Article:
“Freedom is Precious” Says Bob Whitworth, Author of Through My Eyes: A Story of Hope

Bob Whitworth was twenty years old when he was drafted into the U.S. Army in June of 1967 to fight in Vietnam. Forty years later, he sat down to write a book about his experience as an army grunt in the American Division, 21st Infantry, 4th Battalion, 11th Brigade in the Republic of Vietnam from April 1968 to April 1969. Through My Eyes is a detailed account of a “boots down” soldier carrying out orders in the toughest of conditions that would claim the lives of many of the men he knew well and considered friends. Bob’s unwavering faith and trust in God were ever present as he and his brothers in arms were engaged in heavy combat, ambushes, unrelenting heat and humidity, leeches and the threat of malaria. Through My Eyes chronicles how a young man from Delano, California, a small farming town in the central valley, learned to push through his greatest fears in order to survive under unearthly conditions.

I read Through My Eyes at the suggestion of one of my colleagues, Bob’s son-in-law Chris, who was obviously very proud of his father-in-law’s literary effort. While I had known uncles, cousins and many family friends who had served in Vietnam, Bob’s book gave me a first hand account of what day to day life was like for these brave young men fighting an unpopular war, half a world away. “There have been numerous books written by officers who gave orders to ‘grunts’ who carried out the orders. I wrote about the ‘in your face’ happenings of a field soldier,” Bob shared with me while we talked over coffee in Danville one morning. “Writing this book forced me to revisit my time in Vietnam very closely and that wasn’t always easy.”

Several years ago, Bob received a call from one of his Vietnam buddies looking for information about one of the men killed during a battle in which Bob had fought. That battle, as well as his other war experiences, was not something Bob normally discussed. Several people who read Bob’s account of that time near Tam Ky encouraged him to write more about his service “in country.” Through My Eyes is a beautifully crafted book, full of rich text and photos taken during his year of active duty. Additionally, Bob has filled the pages with maps of the areas of South Viet Nam where his unit patrolled and letters he sent home. Finally, there is a glossary of military terms and a collection of Bible passages that brought Bob comfort during his darkest times. Bob’s candor and honest perspective spoke to me about friendship, courage and faith amidst the hardship of war.

“Once I decided to write the book, I looked for a potential publisher. What I found was the timelines and budgets were going to limit what I wanted to do. Thankfully I found other resources, including editors, format and layout consultants that were available to me. My wife was also a huge help taking over quality control of the project.” Additionally, Bob talked with other authors and ultimately chose to self publish the book.

The cover of the book utilized a photo taken of Bob by Dana Stone of AP Worldwide Photos on September 25, 1968 following a battle near Tam Ky Vietnam. In addition to the photos Bob took while serving his stint, he also carried a Fujika 8 mm movie camera. Capturing some incredible footage of his time in the field, Bob sent the footage home along with letters that helped him recreate memories when putting the book together. Short clip videos are available to view on Bob’s website www.throughmyeyesthebook.com.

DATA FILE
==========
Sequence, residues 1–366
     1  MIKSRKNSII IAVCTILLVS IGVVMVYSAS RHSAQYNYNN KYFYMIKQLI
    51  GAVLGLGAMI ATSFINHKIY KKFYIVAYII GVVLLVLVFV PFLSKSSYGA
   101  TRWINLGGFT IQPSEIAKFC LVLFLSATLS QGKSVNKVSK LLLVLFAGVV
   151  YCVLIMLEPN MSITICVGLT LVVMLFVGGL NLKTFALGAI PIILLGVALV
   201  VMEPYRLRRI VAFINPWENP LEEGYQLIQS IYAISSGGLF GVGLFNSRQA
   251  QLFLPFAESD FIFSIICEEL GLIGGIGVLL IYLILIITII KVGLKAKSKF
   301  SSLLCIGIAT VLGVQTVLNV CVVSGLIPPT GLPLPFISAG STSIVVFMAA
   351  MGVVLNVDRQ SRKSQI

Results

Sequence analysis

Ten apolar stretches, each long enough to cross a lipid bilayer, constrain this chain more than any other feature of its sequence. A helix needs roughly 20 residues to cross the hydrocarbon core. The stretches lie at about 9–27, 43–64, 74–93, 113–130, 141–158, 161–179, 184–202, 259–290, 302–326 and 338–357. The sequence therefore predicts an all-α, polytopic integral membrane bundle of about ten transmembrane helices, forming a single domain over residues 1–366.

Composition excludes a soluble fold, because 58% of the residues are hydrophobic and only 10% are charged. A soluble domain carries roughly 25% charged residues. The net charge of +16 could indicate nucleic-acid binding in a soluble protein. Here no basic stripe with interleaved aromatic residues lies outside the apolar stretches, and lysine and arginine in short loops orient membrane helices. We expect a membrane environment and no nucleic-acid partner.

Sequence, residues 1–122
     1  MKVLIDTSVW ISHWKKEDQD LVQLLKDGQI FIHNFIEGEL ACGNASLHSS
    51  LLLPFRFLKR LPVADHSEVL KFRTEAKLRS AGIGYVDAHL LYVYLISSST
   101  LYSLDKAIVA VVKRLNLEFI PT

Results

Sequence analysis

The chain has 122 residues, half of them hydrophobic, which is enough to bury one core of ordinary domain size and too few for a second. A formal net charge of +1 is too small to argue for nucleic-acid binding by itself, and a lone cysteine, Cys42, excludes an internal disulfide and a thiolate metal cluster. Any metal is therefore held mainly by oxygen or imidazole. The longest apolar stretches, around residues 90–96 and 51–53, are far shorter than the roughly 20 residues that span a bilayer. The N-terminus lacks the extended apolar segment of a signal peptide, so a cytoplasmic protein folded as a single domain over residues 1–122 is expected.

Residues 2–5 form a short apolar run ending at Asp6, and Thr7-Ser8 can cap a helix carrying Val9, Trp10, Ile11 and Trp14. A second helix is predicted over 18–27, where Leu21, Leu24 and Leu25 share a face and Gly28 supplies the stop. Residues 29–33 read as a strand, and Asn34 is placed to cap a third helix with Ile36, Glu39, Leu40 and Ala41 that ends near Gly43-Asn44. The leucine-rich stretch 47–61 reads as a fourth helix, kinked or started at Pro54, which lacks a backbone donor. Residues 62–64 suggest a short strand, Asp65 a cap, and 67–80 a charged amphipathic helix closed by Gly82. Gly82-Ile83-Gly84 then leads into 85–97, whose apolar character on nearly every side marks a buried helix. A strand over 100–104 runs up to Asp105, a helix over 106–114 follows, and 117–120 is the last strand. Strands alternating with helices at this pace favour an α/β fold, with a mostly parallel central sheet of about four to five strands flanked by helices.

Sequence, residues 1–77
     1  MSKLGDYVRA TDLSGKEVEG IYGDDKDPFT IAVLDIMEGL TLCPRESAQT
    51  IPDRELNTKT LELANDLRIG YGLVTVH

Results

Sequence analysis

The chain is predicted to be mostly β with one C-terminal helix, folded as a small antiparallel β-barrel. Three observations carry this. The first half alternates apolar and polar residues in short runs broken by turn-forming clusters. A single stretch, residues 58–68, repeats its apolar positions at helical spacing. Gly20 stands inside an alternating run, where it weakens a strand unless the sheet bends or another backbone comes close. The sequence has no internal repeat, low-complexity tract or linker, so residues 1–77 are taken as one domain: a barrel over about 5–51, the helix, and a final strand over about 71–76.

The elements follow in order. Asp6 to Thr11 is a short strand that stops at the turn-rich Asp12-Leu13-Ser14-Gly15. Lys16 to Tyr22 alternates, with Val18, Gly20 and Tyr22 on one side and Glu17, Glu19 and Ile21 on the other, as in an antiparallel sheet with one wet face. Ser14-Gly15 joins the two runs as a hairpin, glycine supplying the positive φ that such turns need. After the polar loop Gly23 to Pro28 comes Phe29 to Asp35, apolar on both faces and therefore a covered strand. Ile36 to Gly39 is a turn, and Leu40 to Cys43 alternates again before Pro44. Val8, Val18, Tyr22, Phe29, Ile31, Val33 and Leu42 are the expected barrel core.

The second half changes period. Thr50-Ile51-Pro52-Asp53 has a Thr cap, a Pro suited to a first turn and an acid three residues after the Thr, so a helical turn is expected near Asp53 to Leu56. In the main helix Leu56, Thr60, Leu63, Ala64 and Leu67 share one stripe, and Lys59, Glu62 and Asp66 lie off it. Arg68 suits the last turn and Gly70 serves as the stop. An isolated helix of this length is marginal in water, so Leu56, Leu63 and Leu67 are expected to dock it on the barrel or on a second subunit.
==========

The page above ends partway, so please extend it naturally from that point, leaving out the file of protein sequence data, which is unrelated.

When Bob returned home and discharged from the service, he married his longtime sweetheart, Beth. Despite prospering as a general foreman in the heavy construction field for the UA Steamfitters Local 342, he continued to struggle with nightmares and haunting memories of combat. This was in addition to the continuing effects of malaria. During this time, Bob depended on the Bible for answers to his deep questions. After 30 years and much persuasion from his wife, Bob visited the Concord Veterans Center where he found someone running a program that truly cared about the Vietnam vet. Since then, Bob has been an active mentor, spending time with soldiers returning from active duty in Iraq and Afghanistan. “Combat experience is the same regardless of the generation, the war or the terrain. Guys want to talk to other veterans who have been through it,” Bob tells me. “We help them to assimilate back into civilian life by talking with them about the effect their experiences have on their lives in groups or one on one sessions. Truthfully, it’s enriching and beneficial to the volunteers too.”

Bob says certain noises will trigger a sensory recall of his fighting time. “My wife always told the kids not to surprise me, but it was the guys that he worked with who enjoyed having a little fun at his expense. “A soldier is trained to appreciate that the first place to be is usually down on the ground to assess the danger when there are nearby explosions, incoming bullets, mortar fire or incoming artillery. It was not uncommon for me to hit the ground on a job site when someone intentionally dropped a heavy load nearby or triggered a loud noise just to watch my reaction.”

Bob speaks occasionally at local area high schools, where he gives mostly history class students a true understanding of what a soldier experiences, living life out of a backpack. He is also in discussions to present the book through readings and book signings at a variety of clubs and venues. The above referenced website is as sharply designed and professionally laid out as the book itself. One link that caught my attention was Bob’s Principals for Living. This collection of common sense basics are principals for living a good and decent life from someone who has been to hell and back with a cherished perspective on life.